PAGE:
Viral pneumonia is a lung infection brought about by a virus. The indications of this infection are strikingly the same with the other forms, but less serious than the bacterial type.
What is the cause?
Viral pneumonia often arises as a complication of less serious infections such as common cold, flu or other upper respiratory infections. Generally, it is less severe and settles on its own within 1-3 weeks.
Those who are at high risk for this type of pneumonia are those diagnosed with chronic lung and heart conditions as well as pregnant women.
What are the symptoms?
The indications of viral pneumonia are strikingly the same as with the other forms, but less severe. The usual signs include:
- Fever and chills
- Cough that might be productive
- Shortness of breath
- Chest pain while coughing or deep breathing
- Appetite loss
- Fatigue or exhaustion
Management of viral pneumonia
The treatment for viral pneumonia is aimed on managing the symptoms and allowing the virus to run its course.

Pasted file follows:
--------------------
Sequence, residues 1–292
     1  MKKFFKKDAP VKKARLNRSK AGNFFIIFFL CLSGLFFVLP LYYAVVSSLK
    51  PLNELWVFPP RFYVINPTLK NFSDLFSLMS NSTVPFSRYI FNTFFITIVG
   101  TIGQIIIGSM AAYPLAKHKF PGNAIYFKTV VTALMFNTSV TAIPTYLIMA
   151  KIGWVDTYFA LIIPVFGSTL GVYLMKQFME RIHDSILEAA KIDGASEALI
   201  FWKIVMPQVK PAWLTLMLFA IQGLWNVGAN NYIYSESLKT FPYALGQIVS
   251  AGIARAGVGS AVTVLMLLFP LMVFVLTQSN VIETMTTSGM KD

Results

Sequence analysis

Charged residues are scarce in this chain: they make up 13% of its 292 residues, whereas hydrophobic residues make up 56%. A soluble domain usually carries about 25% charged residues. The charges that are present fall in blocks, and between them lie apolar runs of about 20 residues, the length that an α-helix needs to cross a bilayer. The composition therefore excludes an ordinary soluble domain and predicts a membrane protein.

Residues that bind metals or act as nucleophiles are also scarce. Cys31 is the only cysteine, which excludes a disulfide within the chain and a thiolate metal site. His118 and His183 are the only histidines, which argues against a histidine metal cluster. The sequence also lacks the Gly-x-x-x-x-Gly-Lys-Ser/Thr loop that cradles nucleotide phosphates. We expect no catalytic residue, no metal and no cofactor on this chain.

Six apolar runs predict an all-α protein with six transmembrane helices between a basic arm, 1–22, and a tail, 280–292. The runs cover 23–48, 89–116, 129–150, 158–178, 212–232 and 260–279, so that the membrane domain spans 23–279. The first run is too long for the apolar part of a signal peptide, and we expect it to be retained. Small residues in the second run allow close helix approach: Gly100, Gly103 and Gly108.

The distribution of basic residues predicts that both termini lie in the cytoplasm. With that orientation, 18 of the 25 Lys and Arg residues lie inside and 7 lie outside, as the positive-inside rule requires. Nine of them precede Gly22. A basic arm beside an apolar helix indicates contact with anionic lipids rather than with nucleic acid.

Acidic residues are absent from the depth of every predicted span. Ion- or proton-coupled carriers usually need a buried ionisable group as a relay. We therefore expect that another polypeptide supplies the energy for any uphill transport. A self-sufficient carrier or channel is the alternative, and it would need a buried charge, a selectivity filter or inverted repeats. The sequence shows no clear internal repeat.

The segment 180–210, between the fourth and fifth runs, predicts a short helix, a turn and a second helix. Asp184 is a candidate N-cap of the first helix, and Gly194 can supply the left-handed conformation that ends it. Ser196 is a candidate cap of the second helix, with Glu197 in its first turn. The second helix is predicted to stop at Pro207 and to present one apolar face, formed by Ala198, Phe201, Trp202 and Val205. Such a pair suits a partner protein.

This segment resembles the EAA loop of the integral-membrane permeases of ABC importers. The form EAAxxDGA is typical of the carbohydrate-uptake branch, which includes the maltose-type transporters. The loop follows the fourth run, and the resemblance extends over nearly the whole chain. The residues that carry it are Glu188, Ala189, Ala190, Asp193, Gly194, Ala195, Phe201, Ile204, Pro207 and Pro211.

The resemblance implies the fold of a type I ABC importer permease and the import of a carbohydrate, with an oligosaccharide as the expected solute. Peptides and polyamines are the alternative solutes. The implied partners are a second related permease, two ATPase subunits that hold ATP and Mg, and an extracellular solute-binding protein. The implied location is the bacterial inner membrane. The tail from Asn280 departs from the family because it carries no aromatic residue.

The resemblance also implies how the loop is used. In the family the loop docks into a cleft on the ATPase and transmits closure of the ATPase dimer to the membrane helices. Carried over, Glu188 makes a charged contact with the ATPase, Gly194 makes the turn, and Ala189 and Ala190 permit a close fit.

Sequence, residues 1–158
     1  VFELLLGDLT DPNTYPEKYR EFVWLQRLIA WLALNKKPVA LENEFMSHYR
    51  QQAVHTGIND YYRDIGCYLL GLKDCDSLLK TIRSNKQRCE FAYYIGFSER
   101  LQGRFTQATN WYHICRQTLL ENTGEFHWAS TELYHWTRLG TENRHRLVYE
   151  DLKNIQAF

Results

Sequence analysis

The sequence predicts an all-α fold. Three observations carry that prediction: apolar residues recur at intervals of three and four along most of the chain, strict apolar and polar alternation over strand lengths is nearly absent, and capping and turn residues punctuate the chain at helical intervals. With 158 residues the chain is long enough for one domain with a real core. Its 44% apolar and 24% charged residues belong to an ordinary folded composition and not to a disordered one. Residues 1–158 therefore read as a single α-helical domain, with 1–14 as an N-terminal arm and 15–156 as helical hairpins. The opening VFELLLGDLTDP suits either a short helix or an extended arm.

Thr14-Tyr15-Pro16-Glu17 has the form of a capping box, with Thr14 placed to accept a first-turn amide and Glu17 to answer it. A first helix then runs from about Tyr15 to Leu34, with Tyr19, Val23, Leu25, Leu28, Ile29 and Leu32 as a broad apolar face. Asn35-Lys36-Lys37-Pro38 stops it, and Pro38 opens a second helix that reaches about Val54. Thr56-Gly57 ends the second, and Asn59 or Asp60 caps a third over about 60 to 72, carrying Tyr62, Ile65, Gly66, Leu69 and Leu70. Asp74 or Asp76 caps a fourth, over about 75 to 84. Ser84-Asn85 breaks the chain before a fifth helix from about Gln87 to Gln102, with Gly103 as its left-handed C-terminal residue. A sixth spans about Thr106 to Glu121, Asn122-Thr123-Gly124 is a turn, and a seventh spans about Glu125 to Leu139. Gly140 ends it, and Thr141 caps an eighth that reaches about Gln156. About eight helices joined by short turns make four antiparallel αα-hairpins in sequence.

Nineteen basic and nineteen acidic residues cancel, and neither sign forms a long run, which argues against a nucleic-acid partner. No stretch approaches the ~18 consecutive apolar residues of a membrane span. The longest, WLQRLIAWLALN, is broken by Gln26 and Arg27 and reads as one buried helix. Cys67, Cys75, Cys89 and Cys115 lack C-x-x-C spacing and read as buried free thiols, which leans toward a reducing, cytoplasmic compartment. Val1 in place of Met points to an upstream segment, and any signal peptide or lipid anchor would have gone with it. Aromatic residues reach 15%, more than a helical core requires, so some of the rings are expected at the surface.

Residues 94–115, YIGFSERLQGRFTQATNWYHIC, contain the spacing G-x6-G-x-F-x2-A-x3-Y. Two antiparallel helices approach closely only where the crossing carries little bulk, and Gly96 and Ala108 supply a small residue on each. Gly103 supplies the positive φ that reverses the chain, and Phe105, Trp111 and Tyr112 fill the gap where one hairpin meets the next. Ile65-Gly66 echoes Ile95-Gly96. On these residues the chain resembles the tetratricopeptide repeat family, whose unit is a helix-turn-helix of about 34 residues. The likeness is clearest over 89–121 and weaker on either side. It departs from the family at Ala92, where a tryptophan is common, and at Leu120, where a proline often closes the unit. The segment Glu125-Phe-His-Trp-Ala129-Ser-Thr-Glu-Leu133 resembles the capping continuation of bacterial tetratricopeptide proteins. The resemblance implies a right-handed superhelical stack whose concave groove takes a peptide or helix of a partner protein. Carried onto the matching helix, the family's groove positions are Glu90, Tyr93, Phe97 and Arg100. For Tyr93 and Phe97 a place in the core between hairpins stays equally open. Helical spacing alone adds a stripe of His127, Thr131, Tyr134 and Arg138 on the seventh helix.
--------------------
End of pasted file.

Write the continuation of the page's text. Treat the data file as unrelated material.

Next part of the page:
In case there is proof that the infection progressed into the bacterial form, antibiotics are given. In some instances, the doctor might prescribe antiviral drugs for viral pneumonia.
Some of the measures that can be done to manage the condition include:
- Increased intake of fluids to loosen the mucus in the lungs to promote easier elimination as well as keep the body hydrated.
- Adequate rest
- Over-the-counter pain medications or fever reducers if needed
Lowering the risk for viral infections can reduce the chances of developing viral pneumonia.
Getting the flu shot yearly, observing cold and flu preventive measures and paying attention to any symptoms can lower the risk as well.